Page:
5 ways to focus on the growth at your club

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Jack Dillon shares 'Project 19', a program for golfing and business success

As a former golf buyer, I learned that buying into vendor programs, created better inventory flow, better profits, and greater relationships. For me and the organizations I managed, programs served us well, especially as I grew in the role. The bigger the jobs, the more I had the opportunity to buy (and sell). As we look around our sport today, we also see more. More golfers, more full tee sheets, more opportunity. This industry has been hoping and working towards this position for decades. Because of a health crisis, success has knocked on our door, in some cases, knocked the door down, as several courses are booked for days in advance. This is great stuff, it truly is, but I have a growing fear. That fear has turned into a question: how can we keep these new players, as well as the many players who have returned after being away for several years? What is to prevent them from jumping off as quickly as they jumped in?

Three words come to my mind when I think of these golfers: enthusiasm, frustration, joy. Beginning golfers have great enthusiasm for their new sport, new ways to hang with family or friends, a new challenge, a large, grand diversion. Shortly after the initial enthusiasm for their new game comes frustration. We all know the frustrations inside this game. Then as the story trails on, we hope there is joy for these golfers as they settle into this game for a lifetime. I am convinced however, that we as an industry must create a focus, a purposeful path for these playersso they can fast track to the joy. This post provides a program for you and your team to introduce & test with new golfers, returning golfers, or anyone looking for some added support. For lack of sleep, I will call it: Project 19, a program for golfing & business success. Here are my highfive thoughts for this program:

  1. This program involves group instruction, supervised practice, and golf. I envision 2 options: the first to offer 5, one-hour group lessons, 5, 90 minute sessions of supervised practice and then 4 “rounds” of golf, which includes as many holes 2 hours will provide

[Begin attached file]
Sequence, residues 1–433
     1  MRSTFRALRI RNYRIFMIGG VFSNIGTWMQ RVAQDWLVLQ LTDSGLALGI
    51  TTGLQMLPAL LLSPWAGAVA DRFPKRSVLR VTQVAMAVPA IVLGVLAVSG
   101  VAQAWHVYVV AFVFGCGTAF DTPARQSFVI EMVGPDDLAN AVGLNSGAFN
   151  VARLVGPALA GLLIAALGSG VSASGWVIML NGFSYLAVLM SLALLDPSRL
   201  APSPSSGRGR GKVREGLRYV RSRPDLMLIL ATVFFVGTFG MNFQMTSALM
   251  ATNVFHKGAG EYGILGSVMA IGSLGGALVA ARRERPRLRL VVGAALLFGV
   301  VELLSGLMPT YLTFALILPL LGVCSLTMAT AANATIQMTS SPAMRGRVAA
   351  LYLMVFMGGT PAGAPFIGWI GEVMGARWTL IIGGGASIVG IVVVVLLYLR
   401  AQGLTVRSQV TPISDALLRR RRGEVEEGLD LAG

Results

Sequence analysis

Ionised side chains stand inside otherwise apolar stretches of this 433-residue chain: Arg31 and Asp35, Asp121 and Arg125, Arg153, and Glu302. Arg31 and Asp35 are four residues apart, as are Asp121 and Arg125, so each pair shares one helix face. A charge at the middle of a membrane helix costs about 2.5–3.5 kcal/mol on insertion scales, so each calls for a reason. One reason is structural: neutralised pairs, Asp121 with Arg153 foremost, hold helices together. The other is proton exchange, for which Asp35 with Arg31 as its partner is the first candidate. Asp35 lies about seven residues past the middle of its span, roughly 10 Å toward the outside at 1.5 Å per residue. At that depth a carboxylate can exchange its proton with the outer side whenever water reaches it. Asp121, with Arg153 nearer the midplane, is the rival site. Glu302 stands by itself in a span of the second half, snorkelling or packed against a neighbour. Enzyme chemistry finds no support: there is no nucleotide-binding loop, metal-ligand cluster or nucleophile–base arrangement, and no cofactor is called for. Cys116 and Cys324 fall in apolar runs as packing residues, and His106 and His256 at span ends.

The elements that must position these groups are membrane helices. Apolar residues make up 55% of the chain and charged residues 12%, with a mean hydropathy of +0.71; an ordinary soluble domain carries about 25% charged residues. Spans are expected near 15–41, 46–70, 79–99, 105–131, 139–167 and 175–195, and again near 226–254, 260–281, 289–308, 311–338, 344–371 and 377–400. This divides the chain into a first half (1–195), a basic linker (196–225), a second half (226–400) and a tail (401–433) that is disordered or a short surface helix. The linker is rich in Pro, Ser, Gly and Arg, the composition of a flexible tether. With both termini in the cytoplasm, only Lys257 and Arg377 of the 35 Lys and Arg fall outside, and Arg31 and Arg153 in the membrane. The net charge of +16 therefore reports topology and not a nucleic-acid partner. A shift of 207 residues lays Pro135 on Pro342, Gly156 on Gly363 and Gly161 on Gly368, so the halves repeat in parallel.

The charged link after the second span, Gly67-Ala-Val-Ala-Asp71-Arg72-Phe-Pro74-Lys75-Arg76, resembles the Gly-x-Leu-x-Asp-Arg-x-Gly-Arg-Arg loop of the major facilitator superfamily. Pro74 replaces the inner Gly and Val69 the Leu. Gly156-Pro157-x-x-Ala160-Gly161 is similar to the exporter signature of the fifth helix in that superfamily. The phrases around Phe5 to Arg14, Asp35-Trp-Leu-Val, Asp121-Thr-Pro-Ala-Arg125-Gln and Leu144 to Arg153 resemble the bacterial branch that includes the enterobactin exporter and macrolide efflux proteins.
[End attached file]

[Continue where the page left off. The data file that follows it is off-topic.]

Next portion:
2. Because of social distancing, you may want sessions of no more than 8 people for both the instruction and the practice sessions. Golf should be in 2 or 3-somes
  3. This session of 5-5-4 can cost $99.99, expanding and having another option of 10-10-6 priced at $149.99. The goal of these programs is to get people ready to play, moving them all the way to level joy. It is also to build loyalty to your facility
  4. The defined goal of these programs is to create long time golfers. We are looking for people to participate in this game for a lifetime by providing the tools, the support, and the discipline to develop their skills. I want to grow your rounds and your sales in every department. We, therefore, want to keep the red carpet fresh & welcoming
  5. A critical key is to supervise player growth. It is important, I believe, to nurture their enthusiasm, manage their frustrations, and move them to joy. It is also critical to support every golfer beyond these programs. In my opinion, the industry should create hands-on support for 2 seasons. People who have friends in the game play more. Help create a friendly pool. Frequency, especially in the first 2 months is important for success in the long term.

These programs are not money making programs on the surface, I understand that. At the same time, if we allow golfers to come and go, without providing a long term plan for their success, we may end up where we began, looking to fill tee sheets through discounts, and free meals. A long time ago I learned a secret: When I play well, I want to play more, when I play poorly, I play less. The industry has all of the people and assets required to build this Project 19 program, or any program to grow the game. We should make golf improvement the hub. If we can create programs where operators, managers, and instructors work in unison, for the same end goals, the game can retain many of these new golfers, and then work on continuous growth for years to come.  Create a bonus pool that when these golfers play, spend money, everyone involved wins. Let us all work to keep these new golfers excited, interested and coming back again and again. This time let us do it all with a focus, a focus on growth. Thank you.

 

Jack Dillon writes the highfives series. Jack has been a part of the golf industry for 47 years. He is an expert on service, purchasing, operations, and new player development. He is co-creator of “Golf for the FUN of it!” Call Jack at 407-973-6136, or e-mail him at Dillonjack53@gmail.com.

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